Merino/Yak/Bombyx Silk
the before photo

the next thing i learned was how to manage color. kind of. or at least i got a good lesson in how these multi-colored fibers work during the spinning process. this is definitely something i've been struggling to wrap my mind around.

as you can see from what the fiber looked like before (above), i had 3 colors to manage - maroon, chocolate brown, and a silvery beige. i separated my fiber into two, 1 oz pieces, splitting the braid right down the middle, and then split that long pieces into about 5 or 6 smaller, more manageable pieces. when i started spinning the first ounce, i just did it kind of haphazard. no rhyme or reason. just grabbed and went with it.

the second ounce was a little more controlled - i took more time to pay attention to the lengths of color, sectioned the ounce by color so i ended up with around 8 smaller separate pieces, took more time to "stretch" the fiber, taking advantage of the long staple length of the silk, took more time working on getting a consistent size. when i plied the singles, the result was mostly a "barber pole" effect on most of the areas, with a little color matching in random places. the barber pole results in a "heathered" fabric when knitted - something that "clicked" after the fact. the areas where there are long lengths of one color will result in a block of color or a striped area. not a bad thing, just something that seems obvious now that i learned this time around. the other fibers i've worked with have been either natural colored or a solid color, so this was a nice introduction. also a nice segue into my new spinning project.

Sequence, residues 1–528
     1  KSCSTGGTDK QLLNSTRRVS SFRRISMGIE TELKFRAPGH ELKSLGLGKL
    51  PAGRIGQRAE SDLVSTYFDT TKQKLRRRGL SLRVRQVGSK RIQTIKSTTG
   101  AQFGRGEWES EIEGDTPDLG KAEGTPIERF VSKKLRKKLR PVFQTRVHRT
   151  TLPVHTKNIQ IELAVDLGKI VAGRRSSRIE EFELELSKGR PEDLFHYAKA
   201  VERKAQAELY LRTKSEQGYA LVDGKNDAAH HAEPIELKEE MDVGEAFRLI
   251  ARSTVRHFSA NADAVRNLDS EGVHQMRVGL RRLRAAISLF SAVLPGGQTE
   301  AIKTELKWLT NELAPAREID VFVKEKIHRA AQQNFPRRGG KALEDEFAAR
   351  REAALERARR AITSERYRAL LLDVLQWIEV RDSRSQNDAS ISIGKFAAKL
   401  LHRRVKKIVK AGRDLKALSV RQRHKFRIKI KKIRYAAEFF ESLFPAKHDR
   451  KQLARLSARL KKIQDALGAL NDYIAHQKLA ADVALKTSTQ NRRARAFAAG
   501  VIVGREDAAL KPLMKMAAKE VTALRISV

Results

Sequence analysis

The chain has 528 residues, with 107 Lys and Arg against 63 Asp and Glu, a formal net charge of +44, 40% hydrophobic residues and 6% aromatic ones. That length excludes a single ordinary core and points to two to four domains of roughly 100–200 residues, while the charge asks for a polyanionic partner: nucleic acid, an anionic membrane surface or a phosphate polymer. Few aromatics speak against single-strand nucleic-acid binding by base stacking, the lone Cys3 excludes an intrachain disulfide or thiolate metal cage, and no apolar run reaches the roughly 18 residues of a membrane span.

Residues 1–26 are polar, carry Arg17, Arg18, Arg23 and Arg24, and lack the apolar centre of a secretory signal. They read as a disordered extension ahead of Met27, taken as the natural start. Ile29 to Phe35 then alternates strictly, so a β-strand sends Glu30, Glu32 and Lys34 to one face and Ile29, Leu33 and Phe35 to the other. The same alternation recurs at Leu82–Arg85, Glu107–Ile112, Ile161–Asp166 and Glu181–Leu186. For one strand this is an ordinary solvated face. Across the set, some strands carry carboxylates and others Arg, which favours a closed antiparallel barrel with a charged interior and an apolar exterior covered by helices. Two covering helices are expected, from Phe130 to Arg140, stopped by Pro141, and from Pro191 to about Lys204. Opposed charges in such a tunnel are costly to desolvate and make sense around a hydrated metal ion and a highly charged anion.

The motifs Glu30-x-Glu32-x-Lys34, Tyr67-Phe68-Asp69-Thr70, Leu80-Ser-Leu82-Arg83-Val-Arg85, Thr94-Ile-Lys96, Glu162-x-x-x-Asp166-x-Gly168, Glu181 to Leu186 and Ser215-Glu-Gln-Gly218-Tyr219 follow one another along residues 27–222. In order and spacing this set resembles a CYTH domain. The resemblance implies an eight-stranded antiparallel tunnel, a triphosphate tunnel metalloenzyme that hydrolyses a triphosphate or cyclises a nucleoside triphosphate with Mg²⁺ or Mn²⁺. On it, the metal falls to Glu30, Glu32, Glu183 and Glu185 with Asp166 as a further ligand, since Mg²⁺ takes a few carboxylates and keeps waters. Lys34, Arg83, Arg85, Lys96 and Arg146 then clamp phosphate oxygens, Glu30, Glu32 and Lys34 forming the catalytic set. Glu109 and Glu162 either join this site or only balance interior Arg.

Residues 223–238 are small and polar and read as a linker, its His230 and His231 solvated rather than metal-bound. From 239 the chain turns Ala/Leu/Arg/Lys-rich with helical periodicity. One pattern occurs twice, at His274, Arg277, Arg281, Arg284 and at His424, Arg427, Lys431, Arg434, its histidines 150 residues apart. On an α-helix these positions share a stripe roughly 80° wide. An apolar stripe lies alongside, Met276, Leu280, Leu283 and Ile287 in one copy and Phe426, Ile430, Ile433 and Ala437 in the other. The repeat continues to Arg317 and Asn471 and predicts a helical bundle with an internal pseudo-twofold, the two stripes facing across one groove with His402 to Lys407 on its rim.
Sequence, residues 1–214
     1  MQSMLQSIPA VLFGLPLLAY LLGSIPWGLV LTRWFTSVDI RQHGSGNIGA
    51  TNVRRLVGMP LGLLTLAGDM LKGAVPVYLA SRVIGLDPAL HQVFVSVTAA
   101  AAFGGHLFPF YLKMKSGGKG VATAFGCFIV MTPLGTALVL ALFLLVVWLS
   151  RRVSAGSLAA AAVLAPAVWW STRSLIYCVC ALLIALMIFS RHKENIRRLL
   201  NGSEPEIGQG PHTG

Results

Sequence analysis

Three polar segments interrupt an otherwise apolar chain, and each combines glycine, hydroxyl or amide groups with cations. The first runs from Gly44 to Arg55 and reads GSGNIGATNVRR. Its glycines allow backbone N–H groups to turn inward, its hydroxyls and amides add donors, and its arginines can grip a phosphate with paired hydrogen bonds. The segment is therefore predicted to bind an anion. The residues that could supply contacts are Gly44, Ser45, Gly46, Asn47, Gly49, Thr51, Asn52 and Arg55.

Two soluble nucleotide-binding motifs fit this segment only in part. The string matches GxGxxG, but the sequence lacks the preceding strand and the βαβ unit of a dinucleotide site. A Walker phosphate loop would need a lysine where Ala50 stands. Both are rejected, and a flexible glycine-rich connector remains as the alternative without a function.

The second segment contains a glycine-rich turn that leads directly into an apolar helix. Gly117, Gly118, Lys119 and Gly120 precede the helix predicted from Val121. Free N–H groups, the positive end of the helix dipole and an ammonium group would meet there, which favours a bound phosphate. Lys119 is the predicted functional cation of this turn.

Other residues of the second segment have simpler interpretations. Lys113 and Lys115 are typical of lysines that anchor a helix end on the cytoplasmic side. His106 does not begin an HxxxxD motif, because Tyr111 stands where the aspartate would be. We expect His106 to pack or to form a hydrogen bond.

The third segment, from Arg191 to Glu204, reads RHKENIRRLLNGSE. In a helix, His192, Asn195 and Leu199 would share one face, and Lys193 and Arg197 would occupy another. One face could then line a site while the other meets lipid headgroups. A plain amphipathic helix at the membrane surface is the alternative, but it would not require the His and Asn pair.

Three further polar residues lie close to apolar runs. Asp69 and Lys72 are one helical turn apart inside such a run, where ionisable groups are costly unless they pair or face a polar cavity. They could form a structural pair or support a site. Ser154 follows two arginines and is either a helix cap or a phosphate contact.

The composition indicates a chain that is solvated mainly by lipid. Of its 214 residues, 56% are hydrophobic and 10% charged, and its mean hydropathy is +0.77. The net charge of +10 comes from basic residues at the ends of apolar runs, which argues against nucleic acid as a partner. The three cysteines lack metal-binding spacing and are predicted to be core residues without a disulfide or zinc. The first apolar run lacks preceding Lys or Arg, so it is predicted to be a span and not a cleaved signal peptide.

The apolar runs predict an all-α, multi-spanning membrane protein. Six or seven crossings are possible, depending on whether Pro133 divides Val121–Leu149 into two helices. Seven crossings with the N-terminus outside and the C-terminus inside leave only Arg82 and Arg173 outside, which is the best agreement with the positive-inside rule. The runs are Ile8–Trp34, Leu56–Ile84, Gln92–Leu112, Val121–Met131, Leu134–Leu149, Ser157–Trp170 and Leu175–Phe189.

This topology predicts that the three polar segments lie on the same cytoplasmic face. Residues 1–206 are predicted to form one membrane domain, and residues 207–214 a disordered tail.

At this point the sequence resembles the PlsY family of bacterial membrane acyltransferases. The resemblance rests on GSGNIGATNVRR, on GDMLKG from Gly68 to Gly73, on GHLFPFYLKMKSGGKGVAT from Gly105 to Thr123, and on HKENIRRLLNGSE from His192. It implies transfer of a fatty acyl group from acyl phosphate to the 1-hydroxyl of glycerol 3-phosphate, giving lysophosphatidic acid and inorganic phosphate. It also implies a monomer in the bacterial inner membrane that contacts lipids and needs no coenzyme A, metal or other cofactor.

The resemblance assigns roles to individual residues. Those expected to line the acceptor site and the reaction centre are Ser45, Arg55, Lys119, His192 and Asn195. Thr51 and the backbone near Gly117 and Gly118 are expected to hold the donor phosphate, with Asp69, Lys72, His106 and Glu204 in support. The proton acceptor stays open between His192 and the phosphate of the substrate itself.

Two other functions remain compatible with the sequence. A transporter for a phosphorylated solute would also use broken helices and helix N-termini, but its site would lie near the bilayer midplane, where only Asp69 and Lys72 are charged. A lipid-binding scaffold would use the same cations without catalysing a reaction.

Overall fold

sweetgeorgia yarns/fibre club/february
 braided goodies

i am going to spin the sweetgeorgia 2011 february fiber club fiber that i received on valentine's day into a yummy sock yarn. i'm aiming for 300 yds. at least that is the hope. ha! and it will be a high twist 3-ply for durability.  

sweetgeorgia/february fibre club 2011